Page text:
While it wasn’t their first product on hobby shop shelves, Axial’s first vehicle, the AX10 Scorpion, undeniably put the company on the RC map. Over the years, the AX10 evolved and changed with consumer demands. The latest version of the AX10, the Ridgecrest, shares so few parts with the original, it’s almost surprising that Axial even calls it by the AX10 name. Check out this First Look to get the quick scoop on this new ride and keep checking RC Truck Stop for the full review.
Remember those “Wider is Better” Pontiac Grand Prix commercials from the late nineties? That slogan got kind of annoying after a while, but apparently Axial was paying attention to those ads. The Ridgecrest uses the AR60 OCP axles first seen on the Wraith which are noticeably wider than the previous generation axles that are now only still used on the SCX10. Not only are the AR60 axles wider, giving the Ridgecrest more stable handling, but they are significantly more realistic looking.
The transmission and drivetrain may look the same as the equipment used on the previous AX10, but the subtle differences, however, are actually profoundly beneficial. The drive shafts have been updated to Axial’s WB8 Wild Boar design that is far more durable. The drive shaft design doesn’t pop apart at the yoke like the old design was prone to doing and the set screw now passes through and does a far better job of securing the drive shaft the transmission output and the axle input.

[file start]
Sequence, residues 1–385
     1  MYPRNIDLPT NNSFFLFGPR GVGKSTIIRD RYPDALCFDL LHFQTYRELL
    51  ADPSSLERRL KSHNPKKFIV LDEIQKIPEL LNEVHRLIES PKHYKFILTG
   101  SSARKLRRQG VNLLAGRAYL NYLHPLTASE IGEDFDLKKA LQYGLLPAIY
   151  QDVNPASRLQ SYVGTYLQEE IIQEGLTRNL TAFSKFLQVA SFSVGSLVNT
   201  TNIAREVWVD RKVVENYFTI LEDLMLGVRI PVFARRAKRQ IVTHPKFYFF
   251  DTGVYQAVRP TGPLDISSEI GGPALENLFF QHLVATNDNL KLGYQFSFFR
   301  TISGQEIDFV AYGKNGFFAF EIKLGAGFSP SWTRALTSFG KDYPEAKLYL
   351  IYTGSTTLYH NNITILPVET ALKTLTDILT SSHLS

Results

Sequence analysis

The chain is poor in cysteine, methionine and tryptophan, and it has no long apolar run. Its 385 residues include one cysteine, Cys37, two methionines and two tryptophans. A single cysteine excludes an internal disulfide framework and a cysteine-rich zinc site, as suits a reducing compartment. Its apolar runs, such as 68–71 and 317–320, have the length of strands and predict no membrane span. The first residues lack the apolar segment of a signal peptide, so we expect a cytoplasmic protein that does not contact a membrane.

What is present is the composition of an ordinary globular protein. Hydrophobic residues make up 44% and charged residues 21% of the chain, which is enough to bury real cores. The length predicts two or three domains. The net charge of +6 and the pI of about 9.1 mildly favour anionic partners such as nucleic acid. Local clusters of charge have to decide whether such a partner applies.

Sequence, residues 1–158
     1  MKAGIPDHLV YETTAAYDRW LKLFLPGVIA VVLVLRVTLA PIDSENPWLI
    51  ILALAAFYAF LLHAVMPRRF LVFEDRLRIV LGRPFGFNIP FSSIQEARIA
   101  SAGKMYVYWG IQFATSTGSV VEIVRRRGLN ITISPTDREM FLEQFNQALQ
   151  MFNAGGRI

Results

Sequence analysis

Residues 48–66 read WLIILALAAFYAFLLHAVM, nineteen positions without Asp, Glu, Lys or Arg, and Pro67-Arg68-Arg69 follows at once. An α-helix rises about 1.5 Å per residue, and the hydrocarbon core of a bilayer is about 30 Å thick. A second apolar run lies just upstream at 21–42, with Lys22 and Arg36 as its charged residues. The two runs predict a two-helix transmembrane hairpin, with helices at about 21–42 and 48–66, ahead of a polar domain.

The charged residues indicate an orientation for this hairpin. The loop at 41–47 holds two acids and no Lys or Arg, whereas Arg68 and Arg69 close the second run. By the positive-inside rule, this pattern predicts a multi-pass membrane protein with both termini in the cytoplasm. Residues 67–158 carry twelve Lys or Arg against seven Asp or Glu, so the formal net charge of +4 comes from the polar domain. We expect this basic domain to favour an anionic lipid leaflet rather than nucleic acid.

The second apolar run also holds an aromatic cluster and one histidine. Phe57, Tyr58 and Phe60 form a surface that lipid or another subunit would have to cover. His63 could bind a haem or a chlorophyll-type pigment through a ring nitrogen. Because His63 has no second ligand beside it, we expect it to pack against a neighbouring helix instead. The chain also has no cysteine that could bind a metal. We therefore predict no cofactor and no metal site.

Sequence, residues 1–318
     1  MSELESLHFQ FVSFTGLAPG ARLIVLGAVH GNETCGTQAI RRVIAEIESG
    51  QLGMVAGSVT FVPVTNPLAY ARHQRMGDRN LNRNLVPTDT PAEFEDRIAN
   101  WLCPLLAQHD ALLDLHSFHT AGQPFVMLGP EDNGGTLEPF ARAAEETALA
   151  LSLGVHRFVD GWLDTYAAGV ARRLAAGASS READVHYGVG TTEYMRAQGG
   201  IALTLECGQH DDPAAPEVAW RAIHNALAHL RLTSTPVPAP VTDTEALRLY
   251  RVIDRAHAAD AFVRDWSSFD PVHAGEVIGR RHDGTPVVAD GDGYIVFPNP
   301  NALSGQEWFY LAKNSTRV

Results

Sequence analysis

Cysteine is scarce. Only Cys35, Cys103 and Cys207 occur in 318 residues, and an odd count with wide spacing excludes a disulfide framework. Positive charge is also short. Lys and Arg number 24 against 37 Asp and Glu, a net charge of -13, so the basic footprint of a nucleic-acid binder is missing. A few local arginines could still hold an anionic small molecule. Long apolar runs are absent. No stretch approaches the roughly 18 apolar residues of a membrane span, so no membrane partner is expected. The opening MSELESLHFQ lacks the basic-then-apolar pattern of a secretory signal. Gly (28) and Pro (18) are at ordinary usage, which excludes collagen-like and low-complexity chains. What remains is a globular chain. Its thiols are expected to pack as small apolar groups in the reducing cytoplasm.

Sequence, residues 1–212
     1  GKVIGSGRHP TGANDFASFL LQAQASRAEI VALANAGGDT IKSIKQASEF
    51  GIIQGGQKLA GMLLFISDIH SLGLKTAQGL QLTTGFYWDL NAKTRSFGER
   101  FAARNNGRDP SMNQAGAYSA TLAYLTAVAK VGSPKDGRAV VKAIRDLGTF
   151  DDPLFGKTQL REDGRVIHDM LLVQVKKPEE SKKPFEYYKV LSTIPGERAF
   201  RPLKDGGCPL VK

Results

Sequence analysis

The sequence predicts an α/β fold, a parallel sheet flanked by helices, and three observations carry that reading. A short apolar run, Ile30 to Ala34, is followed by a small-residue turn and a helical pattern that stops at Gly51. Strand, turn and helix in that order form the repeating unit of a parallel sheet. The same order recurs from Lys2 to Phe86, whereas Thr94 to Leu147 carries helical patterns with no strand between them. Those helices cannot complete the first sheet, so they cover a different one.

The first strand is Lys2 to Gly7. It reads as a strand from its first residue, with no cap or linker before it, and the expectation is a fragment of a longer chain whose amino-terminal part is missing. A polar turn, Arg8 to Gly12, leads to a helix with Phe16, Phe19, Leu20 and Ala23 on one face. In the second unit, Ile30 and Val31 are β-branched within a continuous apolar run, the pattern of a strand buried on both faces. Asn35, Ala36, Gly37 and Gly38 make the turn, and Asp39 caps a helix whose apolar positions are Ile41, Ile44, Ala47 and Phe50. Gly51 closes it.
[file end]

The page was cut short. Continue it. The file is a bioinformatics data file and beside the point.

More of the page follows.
Axial could have gotten away with the continued use of the aluminum AX10 chassis plates, but new molded plastic pieces are used on the Ridgecrest. These will most likely be more cost effective in the long run, but they also look far better with their tube chassis styling. The new chassis design also offers more adjustment in both terms of link and shock mounting but also in the placement of the battery and other electronics.
The Ridgecrest includes threaded plastic shocks, but the best part of the suspension is the use of a 4-link design. Not only does the suspension work well, but it is also more durable than the older 3-link design used on other AX10 models.
As an RTR, the Ridgecrest is aimed at beginners and/or people looking for an easy way to get into some rock crawling style RC off-roading. That said, it isn’t a “no-frills” entry-level rig. It is, in contrast, well equipped. It has threaded shocks, a 2.4GHz radio system, Axial’s latest drivetrain running gear. The new chassis is also a clear improvement over the old design. I appreciate all of these points, but what really sold me on the Ridgecrest was driving it. With the 20-turn motor, it could bash. It was fast enough to be fun for sure and the speed control with its drag brakes meant the truck could still crawl. Like its close cousin, the Wraith RTR, the Ridgecrest is pretty versatile. The big difference–other costly about $90 less-is that Ridgecrest will find giving their truck a unique look far easier than Wraith owners thanks to the removable body.